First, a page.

Summary and book reviews of Of Bears and Ballots by Heather Lende

Of Bears and Ballots

An Alaskan Adventure in Small-Town Politics

by Heather Lende

Of Bears and Ballots by Heather Lende X
Of Bears and Ballots by Heather Lende
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     Not Yet Rated
  • Published:
    Jun 2020, 288 pages

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Book Reviewed by:
Jamie Chornoby
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About this Book

Book Summary

The writer whom the Los Angeles Times calls "part Annie Dillard, part Anne Lamott" now brings us her quirky and compassionate account of holding local office.

Heather Lende was one of the thousands of women inspired to take a more active role in politics during the past few years. Though her entire campaign for assembly member in Haines, Alaska, cost less than $1,000, she won! But tiny, breathtakingly beautiful Haines—a place accessible from the nearest city, Juneau, only by boat or plane—isn't the sleepy town that it appears to be: from a bitter debate about the expansion of the fishing boat harbor to the matter of how to stop bears from rifling through garbage on Main Street to the recall campaign that targeted three assembly members, including Lende, we witness the nitty-gritty of passing legislation, the lofty ideals of our republic, and how the polarizing national politics of our era play out in one small town.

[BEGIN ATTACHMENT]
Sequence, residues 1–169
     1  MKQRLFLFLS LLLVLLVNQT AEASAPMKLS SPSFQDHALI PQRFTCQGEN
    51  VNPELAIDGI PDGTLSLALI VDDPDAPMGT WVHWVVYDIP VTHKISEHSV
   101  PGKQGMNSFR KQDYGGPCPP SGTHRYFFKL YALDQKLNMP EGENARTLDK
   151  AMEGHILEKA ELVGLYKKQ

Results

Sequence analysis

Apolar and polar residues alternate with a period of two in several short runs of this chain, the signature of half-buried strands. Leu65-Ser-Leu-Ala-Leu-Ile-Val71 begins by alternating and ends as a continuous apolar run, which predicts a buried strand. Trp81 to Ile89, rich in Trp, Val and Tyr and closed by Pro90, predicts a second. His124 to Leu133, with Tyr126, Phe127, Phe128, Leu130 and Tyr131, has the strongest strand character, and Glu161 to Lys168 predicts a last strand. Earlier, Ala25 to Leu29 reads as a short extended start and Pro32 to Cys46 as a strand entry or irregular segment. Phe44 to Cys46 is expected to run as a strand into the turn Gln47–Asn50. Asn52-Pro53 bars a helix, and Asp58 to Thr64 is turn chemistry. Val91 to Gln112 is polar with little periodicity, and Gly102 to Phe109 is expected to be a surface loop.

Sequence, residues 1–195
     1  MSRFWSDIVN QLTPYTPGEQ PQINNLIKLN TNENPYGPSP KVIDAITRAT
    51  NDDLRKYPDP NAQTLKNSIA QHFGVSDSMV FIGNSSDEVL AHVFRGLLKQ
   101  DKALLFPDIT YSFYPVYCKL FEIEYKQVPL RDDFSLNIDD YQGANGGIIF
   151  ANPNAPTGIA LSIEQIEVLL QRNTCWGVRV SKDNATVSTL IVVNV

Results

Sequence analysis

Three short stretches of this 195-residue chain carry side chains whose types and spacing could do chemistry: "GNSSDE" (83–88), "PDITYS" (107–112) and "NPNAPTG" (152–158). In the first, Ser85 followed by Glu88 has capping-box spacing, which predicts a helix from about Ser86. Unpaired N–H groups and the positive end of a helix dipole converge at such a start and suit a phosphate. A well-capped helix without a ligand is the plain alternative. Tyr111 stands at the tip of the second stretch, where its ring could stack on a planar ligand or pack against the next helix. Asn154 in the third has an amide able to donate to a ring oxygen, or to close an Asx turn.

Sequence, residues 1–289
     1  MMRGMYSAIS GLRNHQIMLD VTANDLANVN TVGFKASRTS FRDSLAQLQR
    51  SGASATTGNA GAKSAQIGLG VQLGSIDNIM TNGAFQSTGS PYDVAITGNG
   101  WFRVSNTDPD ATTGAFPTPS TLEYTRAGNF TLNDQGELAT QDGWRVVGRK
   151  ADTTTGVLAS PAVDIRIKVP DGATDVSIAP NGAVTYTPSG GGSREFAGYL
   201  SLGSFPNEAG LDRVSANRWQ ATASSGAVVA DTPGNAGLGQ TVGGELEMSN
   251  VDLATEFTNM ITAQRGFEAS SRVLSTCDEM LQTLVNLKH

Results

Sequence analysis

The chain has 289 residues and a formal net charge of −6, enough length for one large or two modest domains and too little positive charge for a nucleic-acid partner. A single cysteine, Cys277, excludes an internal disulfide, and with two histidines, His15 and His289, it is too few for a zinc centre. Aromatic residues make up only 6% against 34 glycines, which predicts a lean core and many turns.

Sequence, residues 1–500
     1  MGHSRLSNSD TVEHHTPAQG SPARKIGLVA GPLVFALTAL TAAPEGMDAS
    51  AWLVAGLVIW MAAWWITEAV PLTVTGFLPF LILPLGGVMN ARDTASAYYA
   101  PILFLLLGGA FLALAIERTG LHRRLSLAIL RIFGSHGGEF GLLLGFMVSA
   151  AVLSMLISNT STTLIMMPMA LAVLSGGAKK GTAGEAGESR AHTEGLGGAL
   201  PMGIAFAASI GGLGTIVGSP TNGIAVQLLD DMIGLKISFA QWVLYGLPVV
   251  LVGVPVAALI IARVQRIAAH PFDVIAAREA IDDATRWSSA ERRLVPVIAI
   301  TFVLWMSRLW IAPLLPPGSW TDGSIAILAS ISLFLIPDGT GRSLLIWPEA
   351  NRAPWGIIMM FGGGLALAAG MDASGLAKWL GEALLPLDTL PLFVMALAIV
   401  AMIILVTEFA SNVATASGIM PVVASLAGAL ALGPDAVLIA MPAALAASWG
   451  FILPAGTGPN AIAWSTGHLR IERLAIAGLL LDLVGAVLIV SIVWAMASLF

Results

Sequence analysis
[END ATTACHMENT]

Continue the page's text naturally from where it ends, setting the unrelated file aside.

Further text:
With an entertaining cast of offbeat but relatable characters, Of Bears and Ballots is an inspirational tale about what living in a community really means, and what we owe one another.

★ ONE ★
Election Day

THERE ARE TWO polling places in Haines. One is in the arts center lobby, on the hill above the harbor and cruise ship dock, the other at the re hall in Mosquito Lake, a woodsy rural settlement twenty-six miles out of town. I voted at the arts center and said hi to everyone as I walked in, but I didn't say, "Wish me luck," or anything close to it. The public radio station, KHNS, and signs on the street corners reminded residents that no campaigning was allowed at or near polling places. One neighbor, who lives in an old house with a wide porch on Soap Suds Alley, was asked by the borough clerk to remove campaign signs from his yard since his home was too close to the polls. I did notice who was there voting, though, friends and foes, and wondered which side of the Haines left-right divide would be victorious. Either way, a little more than half of us would be happy, and a little less than half would be disappointed. Haines is predictable; I assumed it ...

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Reviews

BookBrowse Review

BookBrowse

As a politically impassioned reader, I found some of Lende's recommendations too idle. Particularly at a time when very real social injustices are inspiring mass organized action focused on race and police brutality, trying to convince readers that "it's just politics, not real life," feels unsettling and silencing. The personal is political. Despite this point of criticism, Of Bears and Ballots is an interesting and optimistic look at local politics in America. Although there are some unique challenges faced by those in rural Alaska, Haines is representative of a broader picture of American politics, and Lende's story offers some ideas as to how people might work together and move forward...continued

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(Reviewed by Jamie Chornoby).

Media Reviews

New York Journal of Books